One of the most common ways of visualizing and explaining causation in complex systems is a diagram consisting of objects and arrows connecting them (e.g., Fig. 1). It visually represents a phenomenon in a system by its organized parts and relationships, proposing how these interact to bring about the phenomenon (Sheredos et al. 2013). When used for representing causal relationships, an arrow from object A to object B depicts that a change of A causes a change of B. If there is another opposite arrow from B to A (or the arrow is double-headed), the causation is reciprocal: there is a feedback between A and B, as a change of B also causes a change of A. These meanings of objects and arrows are very general and flexible. Yet they require a conceptualization of the system for which the causal relationships are visualized. In particular, the objects must be defined. They can be entities in the system (e.g., agents or other components), but also state variables or processes. It is also possible to connect different kinds of objects in one diagram.
The selection of objects and arrows to be included has important implicit consequences. The objects already determine which claims about causal relationships in the system are possible based on the diagram. The arrows depict which of these relationships are actually considered. Any further causal relationships the objects might be involved in, and any further objects not shown, are ignored. All details within an object are usually ignored too, i.e., the higher-resolution objects it is composed of and the causal relationships between them. This simplified representation of the real complex system (e.g., Fig. 1A) helps to focus only on elements and relationships that are considered essential for a given question (Starfield 1990, Grimm and Railsback 2005). But it is crucial to be aware of these decisions, and they should be made clear. Often they are not explicitly stated, but taken for granted with the diagram of objects and arrows. However, they guide and constrain all subsequent efforts based on this visualization. The diagram represents, so to speak, a certain worldview and leaves out elements that might in fact be important but are ignored in this worldview. This is not only a decision of where to draw the boundaries and how to choose the resolution of the SES representation. Also, what kind of objects are depicted in a diagram matters. In ecology, a good example is whether ecosystems are perceived either as being composed of organisms or of compartments containing energy and nutrients. This decision strongly influences for which real-world phenomena a causal understanding can be achieved (Grimm et al. 2017).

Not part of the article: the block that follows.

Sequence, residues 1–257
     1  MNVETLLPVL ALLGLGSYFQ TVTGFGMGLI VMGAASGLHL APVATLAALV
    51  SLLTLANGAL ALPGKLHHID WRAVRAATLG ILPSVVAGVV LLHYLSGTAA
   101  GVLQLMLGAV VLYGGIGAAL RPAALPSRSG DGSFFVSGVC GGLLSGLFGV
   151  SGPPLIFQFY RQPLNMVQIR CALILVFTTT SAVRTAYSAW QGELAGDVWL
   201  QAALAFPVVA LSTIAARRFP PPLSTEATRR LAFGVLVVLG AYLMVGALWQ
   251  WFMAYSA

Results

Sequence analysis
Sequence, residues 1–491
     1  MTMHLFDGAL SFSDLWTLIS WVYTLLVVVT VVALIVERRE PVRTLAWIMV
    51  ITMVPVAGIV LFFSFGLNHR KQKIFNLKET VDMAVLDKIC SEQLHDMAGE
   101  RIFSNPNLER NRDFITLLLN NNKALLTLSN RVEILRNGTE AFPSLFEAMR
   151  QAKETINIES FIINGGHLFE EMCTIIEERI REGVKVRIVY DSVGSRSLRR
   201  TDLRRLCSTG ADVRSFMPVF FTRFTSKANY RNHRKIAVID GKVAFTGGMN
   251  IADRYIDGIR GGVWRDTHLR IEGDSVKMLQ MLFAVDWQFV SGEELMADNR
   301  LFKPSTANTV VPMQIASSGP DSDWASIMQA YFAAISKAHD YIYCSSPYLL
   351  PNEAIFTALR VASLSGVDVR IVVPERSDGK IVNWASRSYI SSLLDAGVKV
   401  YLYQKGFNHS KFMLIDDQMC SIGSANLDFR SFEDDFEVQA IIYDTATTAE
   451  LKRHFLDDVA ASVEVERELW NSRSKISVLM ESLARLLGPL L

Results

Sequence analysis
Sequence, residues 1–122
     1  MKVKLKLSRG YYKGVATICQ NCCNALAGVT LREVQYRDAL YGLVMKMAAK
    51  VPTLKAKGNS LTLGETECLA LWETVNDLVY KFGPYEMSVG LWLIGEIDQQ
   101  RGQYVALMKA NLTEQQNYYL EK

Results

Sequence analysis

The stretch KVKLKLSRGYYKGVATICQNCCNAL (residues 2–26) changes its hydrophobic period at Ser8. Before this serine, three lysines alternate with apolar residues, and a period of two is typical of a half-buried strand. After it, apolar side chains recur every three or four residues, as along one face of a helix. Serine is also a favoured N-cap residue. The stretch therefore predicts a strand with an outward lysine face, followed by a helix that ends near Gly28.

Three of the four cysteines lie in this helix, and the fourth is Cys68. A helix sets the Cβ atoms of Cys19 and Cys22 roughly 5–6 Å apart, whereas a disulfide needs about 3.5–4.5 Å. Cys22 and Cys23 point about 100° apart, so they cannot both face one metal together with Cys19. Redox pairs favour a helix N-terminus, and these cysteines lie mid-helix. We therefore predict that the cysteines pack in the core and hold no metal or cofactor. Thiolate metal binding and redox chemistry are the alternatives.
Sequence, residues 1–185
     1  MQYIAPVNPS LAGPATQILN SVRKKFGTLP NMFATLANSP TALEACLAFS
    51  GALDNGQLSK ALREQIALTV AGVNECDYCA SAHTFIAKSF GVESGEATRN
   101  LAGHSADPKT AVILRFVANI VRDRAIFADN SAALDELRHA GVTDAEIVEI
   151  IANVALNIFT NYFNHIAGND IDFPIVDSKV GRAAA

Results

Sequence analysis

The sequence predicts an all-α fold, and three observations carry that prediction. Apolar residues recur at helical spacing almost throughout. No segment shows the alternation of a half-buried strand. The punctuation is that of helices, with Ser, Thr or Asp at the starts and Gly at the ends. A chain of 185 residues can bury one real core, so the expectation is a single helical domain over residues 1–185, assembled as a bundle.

Potential. This visualization type can represent multiple causes by several arrows leading to an object. Thus, it can also indicate that a phenomenon emerges from the influence and interaction of these multiple causes. The visualization can also represent multiple effects by several arrows starting from an object. In addition to direct feedback between two objects (cf. above), indirect loops of causal relationships involving more than two objects can be visualized. An arrow starting from and looping back to an object can represent internal feedback. The causal relationship indicated by an arrow can be used to represent temporal order (i.e., termination of object 1 causes the start of object 2; e.g., in flowcharts). It can also represent flows of energy, matter, or information. The direction and strength of causal relationships can be visualized by using different widths or styles of arrows, or by labeling them. In any case, the absence of an arrow allows for a clear and even quantitative statement: there is no direct causal relationship between objects 1 and 2.